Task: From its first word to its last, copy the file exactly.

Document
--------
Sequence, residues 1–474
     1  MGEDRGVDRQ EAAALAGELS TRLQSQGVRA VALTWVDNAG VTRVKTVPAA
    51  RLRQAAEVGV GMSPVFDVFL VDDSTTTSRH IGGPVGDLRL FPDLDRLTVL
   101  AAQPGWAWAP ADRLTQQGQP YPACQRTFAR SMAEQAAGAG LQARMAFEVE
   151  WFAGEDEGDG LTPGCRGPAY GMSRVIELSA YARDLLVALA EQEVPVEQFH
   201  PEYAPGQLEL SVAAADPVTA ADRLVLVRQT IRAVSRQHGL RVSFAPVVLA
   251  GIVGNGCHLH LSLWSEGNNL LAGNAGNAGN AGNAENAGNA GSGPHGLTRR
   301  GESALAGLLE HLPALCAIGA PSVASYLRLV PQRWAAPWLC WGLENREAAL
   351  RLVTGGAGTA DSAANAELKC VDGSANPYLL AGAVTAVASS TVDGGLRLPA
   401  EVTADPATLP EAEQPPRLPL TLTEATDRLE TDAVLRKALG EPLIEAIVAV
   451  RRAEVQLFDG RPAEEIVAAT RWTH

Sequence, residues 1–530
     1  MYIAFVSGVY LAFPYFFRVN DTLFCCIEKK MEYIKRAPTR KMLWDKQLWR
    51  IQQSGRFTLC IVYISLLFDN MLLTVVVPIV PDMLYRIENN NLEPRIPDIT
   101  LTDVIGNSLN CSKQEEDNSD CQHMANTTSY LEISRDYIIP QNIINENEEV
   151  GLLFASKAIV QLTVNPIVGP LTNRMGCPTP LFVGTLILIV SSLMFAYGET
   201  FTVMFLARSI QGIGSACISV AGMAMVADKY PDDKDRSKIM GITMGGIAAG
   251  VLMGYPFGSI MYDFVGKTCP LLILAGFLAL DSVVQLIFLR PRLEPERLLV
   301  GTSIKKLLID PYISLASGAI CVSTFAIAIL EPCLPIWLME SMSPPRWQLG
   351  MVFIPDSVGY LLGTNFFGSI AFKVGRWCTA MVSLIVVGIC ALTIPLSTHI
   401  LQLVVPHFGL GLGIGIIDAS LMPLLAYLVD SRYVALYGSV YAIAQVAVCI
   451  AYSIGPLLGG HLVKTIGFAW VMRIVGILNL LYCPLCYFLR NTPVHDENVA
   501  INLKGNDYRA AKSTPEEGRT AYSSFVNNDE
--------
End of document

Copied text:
Sequence, residues 1–474
     1  MGEDRGVDRQ EAAALAGELS TRLQSQGVRA VALTWVDNAG VTRVKTVPAA
    51  RLRQAAEVGV GMSPVFDVFL VDDSTTTSRH IGGPVGDLRL FPDLDRLTVL
   101  AAQPGWAWAP ADRLTQQGQP YPACQRTFAR SMAEQAAGAG LQARMAFEVE
   151  WFAGEDEGDG LTPGCRGPAY GMSRVIELSA YARDLLVALA EQEVPVEQFH
   201  PEYAPGQLEL SVAAADPVTA ADRLVLVRQT IRAVSRQHGL RVSFAPVVLA
   251  GIVGNGCHLH LSLWSEGNNL LAGNAGNAGN AGNAENAGNA GSGPHGLTRR
   301  GESALAGLLE HLPALCAIGA PSVASYLRLV PQRWAAPWLC WGLENREAAL
   351  RLVTGGAGTA DSAANAELKC VDGSANPYLL AGAVTAVASS TVDGGLRLPA
   401  EVTADPATLP EAEQPPRLPL TLTEATDRLE TDAVLRKALG EPLIEAIVAV
   451  RRAEVQLFDG RPAEEIVAAT RWTH

Sequence, residues 1–530
     1  MYIAFVSGVY LAFPYFFRVN DTLFCCIEKK MEYIKRAPTR KMLWDKQLWR
    51  IQQSGRFTLC IVYISLLFDN MLLTVVVPIV PDMLYRIENN NLEPRIPDIT
   101  LTDVIGNSLN CSKQEEDNSD CQHMANTTSY LEISRDYIIP QNIINENEEV
   151  GLLFASKAIV QLTVNPIVGP LTNRMGCPTP LFVGTLILIV SSLMFAYGET
   201  FTVMFLARSI QGIGSACISV AGMAMVADKY PDDKDRSKIM GITMGGIAAG
   251  VLMGYPFGSI MYDFVGKTCP LLILAGFLAL DSVVQLIFLR PRLEPERLLV
   301  GTSIKKLLID PYISLASGAI CVSTFAIAIL EPCLPIWLME SMSPPRWQLG
   351  MVFIPDSVGY LLGTNFFGSI AFKVGRWCTA MVSLIVVGIC ALTIPLSTHI
   401  LQLVVPHFGL GLGIGIIDAS LMPLLAYLVD SRYVALYGSV YAIAQVAVCI
   451  AYSIGPLLGG HLVKTIGFAW VMRIVGILNL LYCPLCYFLR NTPVHDENVA
   501  INLKGNDYRA AKSTPEEGRT AYSSFVNNDE